This simple skill tops the wish list for preschoolers
everywhere. If your grandchildren already know how to whistle, teach them to use their fingers to make it extra-loud.
In addition to its religious tenor, Easter time conjures up images of brightly colored eggs, jelly beans, marshmallow chicks and pastel foil-wrapped chocolate candy in baskets, delivered by the Easter Bunny. But before you bite off the head of that chocolate bunny, let’s take a moment to consider where our Easter and Lenten traditions originated.
The first signs of spring create excitement in the Lehigh Valley and throughout the Northeast. After four months or more of staying inside because of cold, snow and rain, we can hardly wait to breathe fresh air, feel the sun on our faces and shed our heavy coats and boots. But before we can enjoy the cool grass under bare feet and sip lemonade under the oak tree, we face that centuries-old ritual that’s as sure as anything: spring cleaning.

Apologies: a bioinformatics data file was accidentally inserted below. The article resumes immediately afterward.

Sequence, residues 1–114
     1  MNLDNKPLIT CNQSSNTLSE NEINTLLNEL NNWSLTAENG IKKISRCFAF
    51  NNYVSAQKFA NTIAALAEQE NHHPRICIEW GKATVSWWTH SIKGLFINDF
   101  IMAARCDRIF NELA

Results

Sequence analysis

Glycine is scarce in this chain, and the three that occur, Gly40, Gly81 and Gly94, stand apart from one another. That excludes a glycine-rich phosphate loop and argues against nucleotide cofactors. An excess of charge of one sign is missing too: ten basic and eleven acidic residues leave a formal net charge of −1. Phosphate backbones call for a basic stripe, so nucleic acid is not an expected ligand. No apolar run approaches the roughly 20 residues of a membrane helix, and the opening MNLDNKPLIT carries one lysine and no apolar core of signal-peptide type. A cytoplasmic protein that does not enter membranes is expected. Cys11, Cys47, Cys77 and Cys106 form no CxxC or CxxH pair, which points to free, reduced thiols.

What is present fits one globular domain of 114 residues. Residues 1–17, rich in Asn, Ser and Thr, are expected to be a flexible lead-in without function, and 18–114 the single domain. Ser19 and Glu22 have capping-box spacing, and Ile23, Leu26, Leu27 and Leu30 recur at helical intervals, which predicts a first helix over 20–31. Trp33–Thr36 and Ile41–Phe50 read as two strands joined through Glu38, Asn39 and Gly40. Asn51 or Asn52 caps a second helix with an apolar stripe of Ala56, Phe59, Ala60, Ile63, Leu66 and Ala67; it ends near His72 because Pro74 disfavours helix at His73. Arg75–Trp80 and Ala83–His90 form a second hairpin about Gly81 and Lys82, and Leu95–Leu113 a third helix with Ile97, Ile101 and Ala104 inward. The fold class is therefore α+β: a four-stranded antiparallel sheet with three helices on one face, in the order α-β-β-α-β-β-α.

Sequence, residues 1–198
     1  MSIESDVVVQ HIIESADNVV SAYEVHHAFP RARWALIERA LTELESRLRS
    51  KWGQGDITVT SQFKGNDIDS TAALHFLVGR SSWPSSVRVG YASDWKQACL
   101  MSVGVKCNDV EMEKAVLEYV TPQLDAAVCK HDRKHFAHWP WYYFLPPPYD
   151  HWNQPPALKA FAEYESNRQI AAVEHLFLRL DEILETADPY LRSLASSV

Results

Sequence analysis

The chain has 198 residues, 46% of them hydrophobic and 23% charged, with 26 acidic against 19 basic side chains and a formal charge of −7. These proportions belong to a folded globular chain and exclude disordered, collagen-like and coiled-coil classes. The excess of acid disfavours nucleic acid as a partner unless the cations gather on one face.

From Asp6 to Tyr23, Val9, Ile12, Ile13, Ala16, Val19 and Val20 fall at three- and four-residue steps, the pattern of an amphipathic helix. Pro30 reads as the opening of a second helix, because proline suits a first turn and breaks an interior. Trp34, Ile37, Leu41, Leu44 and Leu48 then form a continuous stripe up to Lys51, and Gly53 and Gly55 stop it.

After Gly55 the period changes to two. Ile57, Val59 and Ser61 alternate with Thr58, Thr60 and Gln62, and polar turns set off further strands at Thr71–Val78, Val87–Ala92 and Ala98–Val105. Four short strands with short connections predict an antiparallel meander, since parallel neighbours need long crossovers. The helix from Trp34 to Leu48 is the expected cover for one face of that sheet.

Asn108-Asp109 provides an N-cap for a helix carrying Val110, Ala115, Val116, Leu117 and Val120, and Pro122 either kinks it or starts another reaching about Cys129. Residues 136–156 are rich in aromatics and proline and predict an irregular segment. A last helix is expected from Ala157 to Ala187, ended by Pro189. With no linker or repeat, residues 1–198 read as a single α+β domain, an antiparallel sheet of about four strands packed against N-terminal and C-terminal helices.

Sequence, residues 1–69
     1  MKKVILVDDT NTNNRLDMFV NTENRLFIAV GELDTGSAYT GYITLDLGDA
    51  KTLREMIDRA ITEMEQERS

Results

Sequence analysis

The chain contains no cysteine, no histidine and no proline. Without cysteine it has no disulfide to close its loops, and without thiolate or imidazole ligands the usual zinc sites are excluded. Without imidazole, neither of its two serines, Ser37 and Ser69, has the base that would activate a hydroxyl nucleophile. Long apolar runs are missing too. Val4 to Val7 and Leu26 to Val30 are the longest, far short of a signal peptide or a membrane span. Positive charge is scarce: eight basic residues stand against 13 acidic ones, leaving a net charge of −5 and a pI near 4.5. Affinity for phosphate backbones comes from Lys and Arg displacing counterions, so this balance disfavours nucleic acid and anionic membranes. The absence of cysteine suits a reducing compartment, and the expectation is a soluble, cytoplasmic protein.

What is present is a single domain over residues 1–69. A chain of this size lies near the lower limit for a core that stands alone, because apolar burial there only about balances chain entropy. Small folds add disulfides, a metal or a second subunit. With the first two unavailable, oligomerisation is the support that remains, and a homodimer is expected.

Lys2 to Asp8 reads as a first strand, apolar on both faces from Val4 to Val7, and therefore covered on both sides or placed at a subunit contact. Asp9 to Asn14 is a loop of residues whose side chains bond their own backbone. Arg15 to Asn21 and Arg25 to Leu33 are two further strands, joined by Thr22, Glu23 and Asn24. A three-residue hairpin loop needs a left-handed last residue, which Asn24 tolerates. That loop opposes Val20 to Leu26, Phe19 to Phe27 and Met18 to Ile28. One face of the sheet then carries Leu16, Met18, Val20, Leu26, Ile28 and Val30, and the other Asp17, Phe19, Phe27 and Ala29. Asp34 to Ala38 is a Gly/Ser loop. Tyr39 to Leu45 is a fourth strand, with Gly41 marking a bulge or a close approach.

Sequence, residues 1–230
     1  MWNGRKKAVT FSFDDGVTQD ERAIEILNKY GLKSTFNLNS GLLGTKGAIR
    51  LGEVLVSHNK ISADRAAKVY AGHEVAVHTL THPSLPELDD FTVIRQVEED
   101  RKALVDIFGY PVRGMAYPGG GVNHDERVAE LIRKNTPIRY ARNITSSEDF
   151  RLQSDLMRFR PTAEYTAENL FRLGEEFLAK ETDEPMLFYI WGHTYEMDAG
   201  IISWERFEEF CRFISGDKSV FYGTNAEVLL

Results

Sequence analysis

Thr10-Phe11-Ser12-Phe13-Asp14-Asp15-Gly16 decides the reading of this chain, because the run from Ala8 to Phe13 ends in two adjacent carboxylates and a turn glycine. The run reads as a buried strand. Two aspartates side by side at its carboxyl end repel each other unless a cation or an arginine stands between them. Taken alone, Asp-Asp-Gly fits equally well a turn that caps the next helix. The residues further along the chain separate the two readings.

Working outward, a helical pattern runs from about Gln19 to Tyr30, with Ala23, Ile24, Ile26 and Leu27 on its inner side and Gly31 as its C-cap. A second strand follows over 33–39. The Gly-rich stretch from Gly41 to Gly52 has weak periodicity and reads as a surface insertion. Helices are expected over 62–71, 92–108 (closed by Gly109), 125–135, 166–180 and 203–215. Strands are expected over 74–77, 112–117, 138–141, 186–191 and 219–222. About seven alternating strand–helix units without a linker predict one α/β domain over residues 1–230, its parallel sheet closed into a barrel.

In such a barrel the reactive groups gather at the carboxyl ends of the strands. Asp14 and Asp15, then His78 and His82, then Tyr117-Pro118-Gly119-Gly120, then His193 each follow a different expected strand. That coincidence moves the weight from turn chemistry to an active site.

South Mountain Memory Care - Chef Cheryl Feist
Why do you want to work in a senior living community?
I take great pride in working with the senior population who may no longer live alone and cannot prepare homemade meals any longer so sometimes they resort to prepackaged or frozen foods. Most days you become their personal chef.
How do you modify recipes to make sure they are healthy?
There are so many different options to modify recipes to make them healthier. You can use puree or mashed fruit, pureed beans or soft tofu. I like to revise and do a taste testing with staff before we serve it to our community.
Reduce Your Risk of Colorectal Cancer
The risk of colorectal cancer increases with age. In fact, according to cancer.net, the average age at the time of diagnosis for men is 68 and for women is 72. For rectal cancer, it is age 63 for both men and women. Older patients who are diagnosed with colorectal cancer face unique challenges, specifically with regard to cancer treatment. But, fortunately, colonoscopy can help reduce your risk.
Diabetes, which is prevalent among older adults, significantly increases one’s risk of developing heart and vascular disease, including stroke. In fact, about two-thirds of people with type 2 diabetes actually die from complications of cardiovascular disease. “If you have diabetes, your risk of dying from a heart attack or stroke is the same as someone who has already had a heart attack,” says Bankim Bhatt, MD, chief of endocrinology, St. Luke’s University Heart Network. “In fact, people with diabetes are two to four times more likely to develop cardiovascular disease than people without diabetes.”